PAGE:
In the dialogue-less opening to Aravindan’s 1978 film Thampu, an open-air truck filled with seemingly ordinary people weaves it way languidly through the sunlit coastal roads of Thalassery, Kerala. This close-knit travelling circus, made up of a troupe of intrepid misfits and fantasists, have habitually made this journey before, living out a transient existence of boredom, service and entrapment. It would be wrong to deny Aravindan’s films are plotless but Thampu is probably the closest he came to making a documentary. The use of a non-narrative framework that favours episodic situations and a refusal to introduce characters or make them substantial in anyway turns the superfluous such as the assembly of the circus tent into self-contained spectacles of social performance. Aside from the presence of Gopi as the manager, many of the characters that populate the circus troupe are non-professionals, another notable feature of neorealism, a style and form that is stridently transparent in Aravindan’s semi observational approach. By the same token, the black and white cinematography (exceptional work again by the distinguished Shaji N. Karun) is an aesthetic choice that also augments the neorealist style. Accordingly, when the circus delivers their inaugural performance, Aravindan repeatedly cuts to shots of spectators, real faces of the villagers, training his eye on their mesmerising expressions who are completely hypnotised by the spectacle, and in turn drawing out the parallels between the circus and film as intrinsic forms of escape for the masses. Before the advent of travelling cinema shows, the arrival of a circus was a major event in the lives of people craving diversion and what Aravindan captures unequivocally is the fleeting delight and short lived excitement the circus brings to the local area. For the most part, it is the sense of identity and belonging the circus gives to such a disparate community of people that chiefly interests Aravindan, conjuring a melancholic portrait of an occurrence that is evanescently material and magical.
When Shivagami (Smita Patil) arrives at a Mooraru government run farmhouse in Niligri as a newly wedded bride she is enamoured by the mountainous landscapes and in these fleeting moments of rapture Aravindan carves and crafts this awakening as a synchronic event that ties Shivagami to nature, an elemental conceptualization. Chidambaram is structured as a classical parable and morality tale on fragile masculinities with a latent critique of caste politics while retaining characteristic poetic refrains that define Aravindan’s rhythmical approach. It is a work that remains largely transcendentally tactile with bird song punctuating the soundtrack in an everlasting chorus of repose. Lensed by regular DOP Shaji N. Karun, the impressionistic photography imbues the film with a painterly texture, a classic Aravindan signature.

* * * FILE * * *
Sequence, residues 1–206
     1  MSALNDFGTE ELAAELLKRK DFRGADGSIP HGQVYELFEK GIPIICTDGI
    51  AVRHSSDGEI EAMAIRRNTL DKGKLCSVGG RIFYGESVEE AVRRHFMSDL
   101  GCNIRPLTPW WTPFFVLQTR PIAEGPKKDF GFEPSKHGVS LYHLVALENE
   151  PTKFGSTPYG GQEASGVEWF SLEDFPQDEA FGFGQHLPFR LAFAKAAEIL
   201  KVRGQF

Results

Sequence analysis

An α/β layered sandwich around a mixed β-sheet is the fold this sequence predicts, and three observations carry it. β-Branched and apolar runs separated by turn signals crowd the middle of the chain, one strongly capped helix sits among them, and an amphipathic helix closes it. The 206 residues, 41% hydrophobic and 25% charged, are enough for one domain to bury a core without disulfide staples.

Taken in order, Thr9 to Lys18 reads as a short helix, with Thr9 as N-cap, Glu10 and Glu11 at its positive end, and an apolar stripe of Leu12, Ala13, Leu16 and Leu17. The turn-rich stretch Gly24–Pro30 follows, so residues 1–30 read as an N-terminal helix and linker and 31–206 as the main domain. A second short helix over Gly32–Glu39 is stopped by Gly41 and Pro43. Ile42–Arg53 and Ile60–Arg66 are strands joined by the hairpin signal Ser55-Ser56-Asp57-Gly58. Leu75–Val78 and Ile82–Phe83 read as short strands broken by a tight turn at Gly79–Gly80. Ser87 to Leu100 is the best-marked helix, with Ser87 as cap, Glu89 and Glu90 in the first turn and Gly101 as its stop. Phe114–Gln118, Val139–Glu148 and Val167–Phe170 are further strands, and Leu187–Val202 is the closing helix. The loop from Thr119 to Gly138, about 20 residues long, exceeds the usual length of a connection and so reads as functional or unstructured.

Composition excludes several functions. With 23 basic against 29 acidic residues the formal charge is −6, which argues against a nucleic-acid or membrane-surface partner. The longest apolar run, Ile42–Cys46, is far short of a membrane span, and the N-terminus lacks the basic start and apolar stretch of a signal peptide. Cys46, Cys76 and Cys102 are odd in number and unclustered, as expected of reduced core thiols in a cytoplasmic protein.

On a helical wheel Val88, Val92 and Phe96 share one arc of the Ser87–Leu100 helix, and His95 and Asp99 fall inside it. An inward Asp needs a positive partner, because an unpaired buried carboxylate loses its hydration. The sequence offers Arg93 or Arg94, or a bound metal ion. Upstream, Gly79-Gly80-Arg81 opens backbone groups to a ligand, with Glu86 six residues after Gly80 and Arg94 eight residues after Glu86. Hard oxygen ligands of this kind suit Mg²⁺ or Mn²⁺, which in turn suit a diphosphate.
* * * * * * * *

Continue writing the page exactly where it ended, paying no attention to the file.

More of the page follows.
In an early sequence, Shankaran (Gopi), a superintendent of the farm, invites Muniyandi (Srinivas), a lower caste labourer, to have an evening drink with him. Jacob, the bigoted farm supervisor, objects to the presence of Muniyandi, openly revealing his casteist prejudices. While Shankaran ignores Jacob’s hostile sentiments, Muniyandi seems to belittle himself when he spontaneously bursts into a song lamenting his enslavement to the master, a gesture that makes Shankaran uncomfortable, hinting at the complicated hypocrisies at work in the shredded mentality of the men. When Muniyandi gets married and requests an extended leave so he can consummate his new relationship, Jacob arrives prematurely at Muniyandi’s home and instructs him to return immediately while lecherously sizing up his new bride. Smita Patil typically underplays, exuding an intelligence and naivety that marks Shivagami as incorruptible.
It is Muniyandi and Shivagami’s lower caste status that makes them susceptible to an exploitation that incorporates Shankaran as the unlikely perpetrator, reiterating the ways in which casteism is systemic and omnipresent. The dynamics between Shivagami and Shankaran, which is framed as a friendship, is only hinted at briefly as something far more sexual, in a flashback insert when Shankaran wanders aimlessly in search of absolution for his transgression. Muniyandi’s realisation that someone has visited Shivagami when he is at work on night duty is depicted elliptically, Aravindan refusing to explicitly point out who it might be. For a lowly caste oppressed labourer like Muniyandi all that matters is his honour, which he is convinced resides in his sanctity of marriage and his wife. While it comes as a shock to discover that it is Shankaran who has strips away what little dignity Muniyandi has left, the wound of betrayal that is inflicted is a traumatic one, nightmarishly visualised in the dreaded image of Muniyandi swinging from a rope in the cow shed, having committed suicide in an insufferably tragic act of self-destruction.